Alexis St Martin -The Human Guinea Pig
Alexis Bidagan dit St. Martin was born on April 18, 1794 at Berthier, just north of Montreal. He used the surname St. Martin all his life, but his formal surname was Bidagan. His first name is pronounced without the silent s: Alexi.In 1822 Alexis St Martin was working as a voyageur for the American Fur Company, in northern Michigan. On June 6 he received an accidental gunshot wound. At close range a musket blast (some say a shotgun) him just under his left breast. Much of his left side was blown away, two ribs were fractured and exposed. His chest and abdomen were opened in several places, and portions of lungs and stomach protruded. His diaphragm was punctured, and a hole now existed directly from his stomach to the outside. St Martin’s breakfast was oozing from the hole when Dr. William Beaumont (1785-1853) arrived.
Dr. Beaumont was as a surgeon in the U.S. Army, and did what he could for St Martin. Dr. Beaumont fully expected St Martin to die within weeks, but St Martin began a miraculous recovery. All his grievous wounds but one healed; that one wound would change medical and scientific thinking.
The wound which didn’t heal was between his stomach and, well, the outside; in medical terms it is a fistula. About the size of a shilling coin, the fistula remained with St Martin for the rest of his 66 years.
Dr. Beaumont used St Martin’s fistula in a series of experiments into the workings of the stomach. Prior to Dr. Beaumont, there were several conflicting theories as to gastric function. Some thinkers thought that heat in the stomach cooked food after you ate it, some thought gears of some sort physically broke down food.
In 1833, Dr. Beaumont used influence to have St. Martin enrolled in the US Army as a Sergeant, St Martin’s only duty to the US Army was to be Dr. Beaumont’s guinea pig.. Also in 1833, Dr. Beaumont published his book, Experiments and Observations on the Gastric Juice and the Physiology of Digestion.
Dr. Beaumont used simple techniques in a number of experiments. In some, he extracted stomach contents from St Martin’s fistula with a (clean, we hope) goose quill. By timing the progress of food through St Martin’s system from mouth to stomach, Dr. Beaumont created a series of diet tables, used by physicians for more than a century. Samples were extracted and sent all over the world for analysis. (Since, in 1830, refrigerated shipping didn’t exist, some samples were rejected at the receiving end.)
Through his series of experiments, Dr. Beaumont was able to establish, in scientific and medical thinking, the true functioning of the stomach: the presence of gastric acids for one. And a French-Canadian voyageur gained a place in medical, scientific, and general history.
Questions were raised at the time as to why Dr. Beaumont never could close St Martin’s fistula. Was he more of a scientist than a doctor? St Martin survived Dr. Beaumont by many years!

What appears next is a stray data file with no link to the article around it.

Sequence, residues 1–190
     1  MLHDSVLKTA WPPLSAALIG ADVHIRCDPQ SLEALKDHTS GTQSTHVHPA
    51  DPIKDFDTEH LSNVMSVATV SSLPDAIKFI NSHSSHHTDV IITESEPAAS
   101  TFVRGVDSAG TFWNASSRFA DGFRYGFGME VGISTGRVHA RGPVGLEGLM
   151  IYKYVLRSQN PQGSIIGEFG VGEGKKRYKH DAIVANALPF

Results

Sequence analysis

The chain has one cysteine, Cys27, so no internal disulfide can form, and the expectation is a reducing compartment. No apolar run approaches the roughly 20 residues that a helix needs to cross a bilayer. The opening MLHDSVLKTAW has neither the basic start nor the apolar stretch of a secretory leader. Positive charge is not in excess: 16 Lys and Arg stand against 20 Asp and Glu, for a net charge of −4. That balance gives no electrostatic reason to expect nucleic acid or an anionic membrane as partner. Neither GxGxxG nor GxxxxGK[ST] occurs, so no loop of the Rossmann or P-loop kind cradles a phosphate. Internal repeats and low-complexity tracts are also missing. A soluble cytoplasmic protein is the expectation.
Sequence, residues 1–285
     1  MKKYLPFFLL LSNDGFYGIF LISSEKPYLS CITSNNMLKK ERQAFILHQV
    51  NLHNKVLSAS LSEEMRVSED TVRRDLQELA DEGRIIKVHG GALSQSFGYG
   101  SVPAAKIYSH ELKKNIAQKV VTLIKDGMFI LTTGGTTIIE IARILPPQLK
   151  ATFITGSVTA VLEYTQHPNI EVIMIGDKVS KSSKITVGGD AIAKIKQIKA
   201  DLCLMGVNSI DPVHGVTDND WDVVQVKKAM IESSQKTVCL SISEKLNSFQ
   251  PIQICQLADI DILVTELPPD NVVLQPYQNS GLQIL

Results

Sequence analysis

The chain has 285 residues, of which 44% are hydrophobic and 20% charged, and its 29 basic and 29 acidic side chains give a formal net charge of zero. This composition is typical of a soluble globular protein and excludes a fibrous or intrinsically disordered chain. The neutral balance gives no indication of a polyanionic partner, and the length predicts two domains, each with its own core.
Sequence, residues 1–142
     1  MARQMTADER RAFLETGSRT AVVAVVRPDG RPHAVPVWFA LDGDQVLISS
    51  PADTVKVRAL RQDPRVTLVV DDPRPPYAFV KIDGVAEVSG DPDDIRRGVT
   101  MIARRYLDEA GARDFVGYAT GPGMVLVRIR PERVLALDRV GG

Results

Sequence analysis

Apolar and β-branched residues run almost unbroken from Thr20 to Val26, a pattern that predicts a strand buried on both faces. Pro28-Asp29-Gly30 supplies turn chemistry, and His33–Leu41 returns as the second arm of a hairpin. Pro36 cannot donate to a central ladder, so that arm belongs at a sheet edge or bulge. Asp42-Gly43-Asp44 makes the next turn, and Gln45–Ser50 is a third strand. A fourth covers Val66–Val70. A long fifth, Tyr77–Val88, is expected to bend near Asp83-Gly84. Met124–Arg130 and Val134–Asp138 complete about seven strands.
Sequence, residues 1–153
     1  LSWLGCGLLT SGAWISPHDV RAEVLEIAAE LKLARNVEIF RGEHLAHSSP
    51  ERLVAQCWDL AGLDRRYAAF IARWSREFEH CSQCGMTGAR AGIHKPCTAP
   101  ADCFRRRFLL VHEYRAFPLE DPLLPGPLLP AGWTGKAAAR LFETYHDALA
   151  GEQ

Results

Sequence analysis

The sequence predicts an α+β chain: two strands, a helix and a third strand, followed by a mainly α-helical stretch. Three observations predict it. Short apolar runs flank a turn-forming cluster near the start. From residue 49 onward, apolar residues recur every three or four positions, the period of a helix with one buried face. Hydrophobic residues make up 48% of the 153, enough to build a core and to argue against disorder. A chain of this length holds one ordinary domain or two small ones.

In 1879 St. Martin returned (he had resided with Dr. Beaumont in Michigan for some years, but had also travelled a good deal, basically as Dr. Beaumont’s scientific specimen) to St. Thomas de Joliette, very close to his birthplace. Shortly afterward, in one of his letters (written for him, he was, like most North Americans of the time, illiterate), St Martin spoke of desperate poverty. Related letters of the time speak of his family’s poverty, but also of his alcohol consumption.
Alexis St. Martin died, age 86, at St. Thomas de Joliette, Quebec on June 24, 1880, and was buried in the parish cemetery on 28th. St Martin left behind a wife, Marie St. Martin, and several children.
At the service, St Martin’s body was so decomposed that it could not be brought into the church, he was left outside during the service. The family had been plagued by requests from the scientific and medical communities to study their late beloved. Relatives kept the body at home much longer than usual during late June weather; they let it decompose as much as possible so it would be of as little use as possible to science. They also had the grave dug 8 feet deep instead of six, to prevent possible robbing of the corpse.
A plaque has been erected at St Martin’s burial site: in English, it reads:
In Memory of Alexis Bidagan dit St. Martin
Born April 18, 1794 at Berthier
Died June 24, 1880 at St. Thomas
Buried June 28, 1880 in an unmarked grave close by this tablet.
Grievously injured by the accidental discharge of a shotgun on June 6, 1822 at Machillimackinac, Michigan, he made a miraculous recovery under the care of Dr. William Beaumont, Surgeon in the United States Army. After his wounds had healed, he was left with an opening into the stomach and became the subject of Dr. Beaumont’s pioneering work on the physiology of the stomach.
Through his affliction he served all humanity.
Erected by the Canadian Physiological Society, June 1962.